Comparing landscape and infrastructural heterogeneity within and between ecosystems

Randall B. Boone, Shauna B. Burnsilver, Russell S. Kruska

Research output: Chapter in Book/Report/Conference proceedingChapter

8 Scopus citations

Abstract

Ecological research throughout much of the last century focused upon manipulative experiments on areas of a few square meters or less (Kareiva and Andersen 1988). The last quarter of the century saw the development of landscape ecology and the emergence of macroecology as a bonafide method of research and discovery (e.g., Brown 1995, Blackburn and Gaston 2002). Geographical and human-ecological research increasingly has successfully integrated human populations and their behaviors into analyses of land use change (Rindfuss and Stern 1998). Today, readily available broad-scale data, such as satellite images and global spatial databases, make comparing attributes of landscapes and the people who inhabit them uniform, thorough, repeatable, and relatively inexpensive (Roughgarden et al. 1991).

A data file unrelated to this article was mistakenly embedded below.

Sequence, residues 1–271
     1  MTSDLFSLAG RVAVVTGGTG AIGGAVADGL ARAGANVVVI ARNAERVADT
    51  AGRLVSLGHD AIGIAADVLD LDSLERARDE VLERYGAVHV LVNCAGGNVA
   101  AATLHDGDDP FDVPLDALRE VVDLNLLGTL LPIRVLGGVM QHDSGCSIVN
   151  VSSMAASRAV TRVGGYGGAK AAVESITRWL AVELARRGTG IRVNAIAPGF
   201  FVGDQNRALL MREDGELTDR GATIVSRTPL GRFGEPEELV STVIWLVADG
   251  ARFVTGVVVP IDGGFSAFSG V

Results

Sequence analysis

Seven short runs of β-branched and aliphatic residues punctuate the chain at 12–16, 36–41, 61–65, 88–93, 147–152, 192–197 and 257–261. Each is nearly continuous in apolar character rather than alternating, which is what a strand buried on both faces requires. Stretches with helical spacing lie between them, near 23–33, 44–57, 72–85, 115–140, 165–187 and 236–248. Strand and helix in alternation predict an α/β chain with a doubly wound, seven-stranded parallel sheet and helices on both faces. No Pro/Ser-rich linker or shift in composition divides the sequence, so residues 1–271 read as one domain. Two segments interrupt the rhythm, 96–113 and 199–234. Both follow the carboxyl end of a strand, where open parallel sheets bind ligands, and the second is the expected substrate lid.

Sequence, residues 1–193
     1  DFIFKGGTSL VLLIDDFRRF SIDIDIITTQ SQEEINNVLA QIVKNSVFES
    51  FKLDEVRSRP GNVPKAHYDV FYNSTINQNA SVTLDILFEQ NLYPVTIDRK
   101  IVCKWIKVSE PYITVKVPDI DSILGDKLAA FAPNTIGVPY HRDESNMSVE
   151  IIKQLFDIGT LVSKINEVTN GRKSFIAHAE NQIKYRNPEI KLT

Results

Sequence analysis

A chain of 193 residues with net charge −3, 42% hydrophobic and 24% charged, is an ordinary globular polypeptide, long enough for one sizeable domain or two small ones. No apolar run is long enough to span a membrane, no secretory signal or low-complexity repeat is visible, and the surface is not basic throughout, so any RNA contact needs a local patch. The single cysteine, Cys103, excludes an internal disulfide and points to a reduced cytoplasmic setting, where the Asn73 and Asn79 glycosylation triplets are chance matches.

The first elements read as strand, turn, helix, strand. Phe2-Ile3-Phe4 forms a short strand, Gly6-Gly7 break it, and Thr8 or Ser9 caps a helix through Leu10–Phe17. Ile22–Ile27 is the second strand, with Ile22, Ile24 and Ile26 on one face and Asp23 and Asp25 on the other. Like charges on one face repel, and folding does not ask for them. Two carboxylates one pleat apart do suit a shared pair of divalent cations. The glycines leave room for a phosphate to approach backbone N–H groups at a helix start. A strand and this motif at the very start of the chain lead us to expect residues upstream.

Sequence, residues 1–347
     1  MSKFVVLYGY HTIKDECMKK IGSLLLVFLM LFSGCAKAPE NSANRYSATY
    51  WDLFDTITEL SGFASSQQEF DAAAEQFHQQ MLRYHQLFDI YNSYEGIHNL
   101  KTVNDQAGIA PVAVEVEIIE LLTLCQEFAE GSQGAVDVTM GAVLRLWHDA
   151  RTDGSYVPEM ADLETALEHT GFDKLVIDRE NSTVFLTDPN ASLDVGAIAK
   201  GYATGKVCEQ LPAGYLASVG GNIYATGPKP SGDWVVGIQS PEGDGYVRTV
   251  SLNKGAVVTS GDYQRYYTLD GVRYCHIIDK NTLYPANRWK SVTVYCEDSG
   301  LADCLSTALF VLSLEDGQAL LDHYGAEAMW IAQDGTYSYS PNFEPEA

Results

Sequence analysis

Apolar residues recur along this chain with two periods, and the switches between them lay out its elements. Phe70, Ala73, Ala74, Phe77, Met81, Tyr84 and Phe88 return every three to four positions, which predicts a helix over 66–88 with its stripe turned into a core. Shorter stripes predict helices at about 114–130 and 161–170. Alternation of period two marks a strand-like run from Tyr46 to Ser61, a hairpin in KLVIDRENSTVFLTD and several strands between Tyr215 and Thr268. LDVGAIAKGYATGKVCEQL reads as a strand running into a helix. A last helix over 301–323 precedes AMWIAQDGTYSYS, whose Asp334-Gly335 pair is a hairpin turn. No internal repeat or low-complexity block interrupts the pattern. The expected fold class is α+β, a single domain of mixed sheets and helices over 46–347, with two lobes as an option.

Original languageEnglish (US)
Title of host publicationFragmentation in Semi-Arid and Arid Landscapes
Subtitle of host publicationConsequences for Human and Natural Systems
PublisherSpringer Netherlands
Pages341-367
Number of pages27
ISBN (Electronic)9781402049064
ISBN (Print)9781402049057
DOIs
StatePublished - Jan 1 2008
Externally publishedYes

ASJC Scopus subject areas

  • Agricultural and Biological Sciences(all)
  • Environmental Science(all)

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  • Cite this

    Boone, R. B., Burnsilver, S. B., & Kruska, R. S. (2008). Comparing landscape and infrastructural heterogeneity within and between ecosystems. In Fragmentation in Semi-Arid and Arid Landscapes: Consequences for Human and Natural Systems (pp. 341-367). Springer Netherlands. https://doi.org/10.1007/978-1-4020-4906-4-14